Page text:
Hardy Pampas Grass (Cortaderia selloana) is a rugged, tall, good-looking perennial plant with lots to offer in both form and function.
Because it grows between ten and thirteen feet in height, and individual clumps can spread to a width of six feet, it is an excellent choice as privacy screens.
Furthermore, since its stems are stiff and upright and its leaves characterized with a literally razor sharp edge, it makes an effective form of natural fencing.
Its beauty easily matches its practical applications. Cortaderia selloana plants sport large and fluffy stalks of graceful plumes or flowers with various shades of white, cream and pink in the late summer.
Cut plumes for adding to dried floral arrangements, or simply leave them in place for added winter landscape interest.
Each sharp leaf or blade of this ornamental grass displays color from deep green to variegated green and yellow. They sway attractively in the breeze adding texture and interest to the garden throughout the spring, summer and early autumn.
All these positive attributes make Pampas Grass a popular landscape selection. However, the plant does have some downsides.
In this article, we will explore the considerations to keep in mind when planting Pampas Grass. We will also share advice on how and where to plant this warm-season grass. Read on to learn more.
- Pampas Grass Care: Is It Hard To Grow?
- Smaller Dwarf Pampas Grass Varieties
- Steps To Take When Planting Pampas Grasses” ]
- Pampas Grass Maintenance: Taking Care Of Cortaderia
- Think Carefully Before Planting Pampas!
- Pampas Grass Care – How To Grow Pampas Grass
- How to Grow Pampas Grass
- How to Care for Pampas Grass
- Propagating Pampas Grass
- Planting Pampas grass
- Trimming Pampas grass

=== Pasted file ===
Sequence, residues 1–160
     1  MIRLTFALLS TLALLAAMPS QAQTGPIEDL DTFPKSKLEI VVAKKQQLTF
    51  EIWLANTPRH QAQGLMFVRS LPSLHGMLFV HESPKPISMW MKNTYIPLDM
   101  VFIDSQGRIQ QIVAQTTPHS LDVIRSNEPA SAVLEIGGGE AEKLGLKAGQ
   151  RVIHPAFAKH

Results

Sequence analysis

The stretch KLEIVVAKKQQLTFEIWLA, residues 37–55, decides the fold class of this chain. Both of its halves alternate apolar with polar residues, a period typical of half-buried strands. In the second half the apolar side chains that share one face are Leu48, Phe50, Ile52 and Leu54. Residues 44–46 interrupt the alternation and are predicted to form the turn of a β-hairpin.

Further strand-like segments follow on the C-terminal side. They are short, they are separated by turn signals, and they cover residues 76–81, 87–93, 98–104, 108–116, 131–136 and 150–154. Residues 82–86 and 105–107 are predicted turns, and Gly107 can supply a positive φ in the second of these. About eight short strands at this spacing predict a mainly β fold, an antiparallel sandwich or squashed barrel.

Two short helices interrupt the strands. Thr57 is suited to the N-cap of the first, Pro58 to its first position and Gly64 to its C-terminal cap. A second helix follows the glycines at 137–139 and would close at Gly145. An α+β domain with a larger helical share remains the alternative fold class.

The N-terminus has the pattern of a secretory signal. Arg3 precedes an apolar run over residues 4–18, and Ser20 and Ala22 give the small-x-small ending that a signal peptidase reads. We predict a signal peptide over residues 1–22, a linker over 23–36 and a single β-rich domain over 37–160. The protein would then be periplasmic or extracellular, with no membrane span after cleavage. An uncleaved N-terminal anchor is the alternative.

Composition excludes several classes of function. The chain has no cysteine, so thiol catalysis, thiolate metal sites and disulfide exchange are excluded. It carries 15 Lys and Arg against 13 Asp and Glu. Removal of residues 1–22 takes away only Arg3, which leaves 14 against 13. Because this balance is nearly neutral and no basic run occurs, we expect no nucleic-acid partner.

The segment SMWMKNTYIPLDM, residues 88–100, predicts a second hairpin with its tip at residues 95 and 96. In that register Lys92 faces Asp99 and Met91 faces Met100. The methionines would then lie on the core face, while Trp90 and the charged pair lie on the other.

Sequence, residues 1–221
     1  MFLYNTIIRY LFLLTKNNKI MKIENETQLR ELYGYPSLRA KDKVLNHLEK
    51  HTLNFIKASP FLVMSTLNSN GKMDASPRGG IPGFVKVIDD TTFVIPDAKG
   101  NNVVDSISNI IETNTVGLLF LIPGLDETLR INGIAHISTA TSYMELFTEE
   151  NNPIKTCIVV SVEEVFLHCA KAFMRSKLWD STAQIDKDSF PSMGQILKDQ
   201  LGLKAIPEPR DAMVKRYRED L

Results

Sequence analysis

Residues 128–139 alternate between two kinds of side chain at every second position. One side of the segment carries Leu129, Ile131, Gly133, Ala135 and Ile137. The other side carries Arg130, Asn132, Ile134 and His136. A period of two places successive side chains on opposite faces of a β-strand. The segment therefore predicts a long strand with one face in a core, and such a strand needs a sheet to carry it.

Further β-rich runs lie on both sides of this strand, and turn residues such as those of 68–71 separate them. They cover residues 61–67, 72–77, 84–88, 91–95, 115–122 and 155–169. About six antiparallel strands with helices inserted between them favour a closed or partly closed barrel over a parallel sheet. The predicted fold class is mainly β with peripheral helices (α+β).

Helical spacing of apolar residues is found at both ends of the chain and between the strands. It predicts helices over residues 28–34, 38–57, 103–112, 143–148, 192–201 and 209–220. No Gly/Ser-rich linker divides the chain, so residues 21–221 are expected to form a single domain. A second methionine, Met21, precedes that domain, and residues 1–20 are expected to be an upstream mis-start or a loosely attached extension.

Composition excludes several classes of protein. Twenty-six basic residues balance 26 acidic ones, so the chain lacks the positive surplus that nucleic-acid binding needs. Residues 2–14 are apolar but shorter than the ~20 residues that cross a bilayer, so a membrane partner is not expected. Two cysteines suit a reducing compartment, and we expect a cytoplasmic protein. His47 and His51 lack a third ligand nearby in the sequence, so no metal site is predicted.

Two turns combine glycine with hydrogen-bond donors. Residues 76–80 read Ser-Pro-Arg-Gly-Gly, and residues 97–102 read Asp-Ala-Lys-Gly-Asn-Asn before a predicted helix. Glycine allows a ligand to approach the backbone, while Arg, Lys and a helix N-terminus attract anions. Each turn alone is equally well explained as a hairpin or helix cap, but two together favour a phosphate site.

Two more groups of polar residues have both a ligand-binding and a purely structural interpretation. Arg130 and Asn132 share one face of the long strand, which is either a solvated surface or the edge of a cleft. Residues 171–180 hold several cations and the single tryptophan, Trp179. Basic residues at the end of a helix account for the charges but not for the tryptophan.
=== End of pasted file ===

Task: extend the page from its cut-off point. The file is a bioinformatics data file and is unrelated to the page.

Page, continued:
- Learn more about Pampas grass
- Smart tip about Pampas grass
- Read also
- Pampas grass on social media
- Pampas Grass: Planting, Care, and Maintenance
- Types and Varieties of Pampas Grass (Cortaderia selloana)
- Other Pampas Species
- Things to Know Before Introducing Pampas in Your Garden
- Growing Pampas Grass: Care and Maintenance
- Pampas Grass Diseases and Growth Problems
- Pampas In Ornamental Gardening: Uses and Features
- Can Pampas be Toxic
- Approximate Cost for the Seeds
- More Information About Cortaderia
Pampas Grass Care: Is It Hard To Grow?
It is far too easy to grow this ornamental grass. It grows like a weed and declared an invasive species and noxious weed in Texas and California. It is banned in Hawaii and New Zealand.
This self-sowing plant can also spread via traveling roots. It gets around quickly and can overtake your garden (and your neighbors’ gardens) in very short order if you are not careful!
Young plants embrace a wide variety of growing conditions, and once in place, they increase in size and width with startling rapidity. This is why it is so important that you make an informed decision regarding planting Pampas Grass. If you decide you want to give it a try, be sure to have a workable plan in place for its management.
You must be certain to have ample room for growth. Understand that if you are planting more than one specimen, you must be able to provide a minimum of six feet of space between plants. You should also take care to plant it far away from structures because it is quite flammable and can present a fire hazard.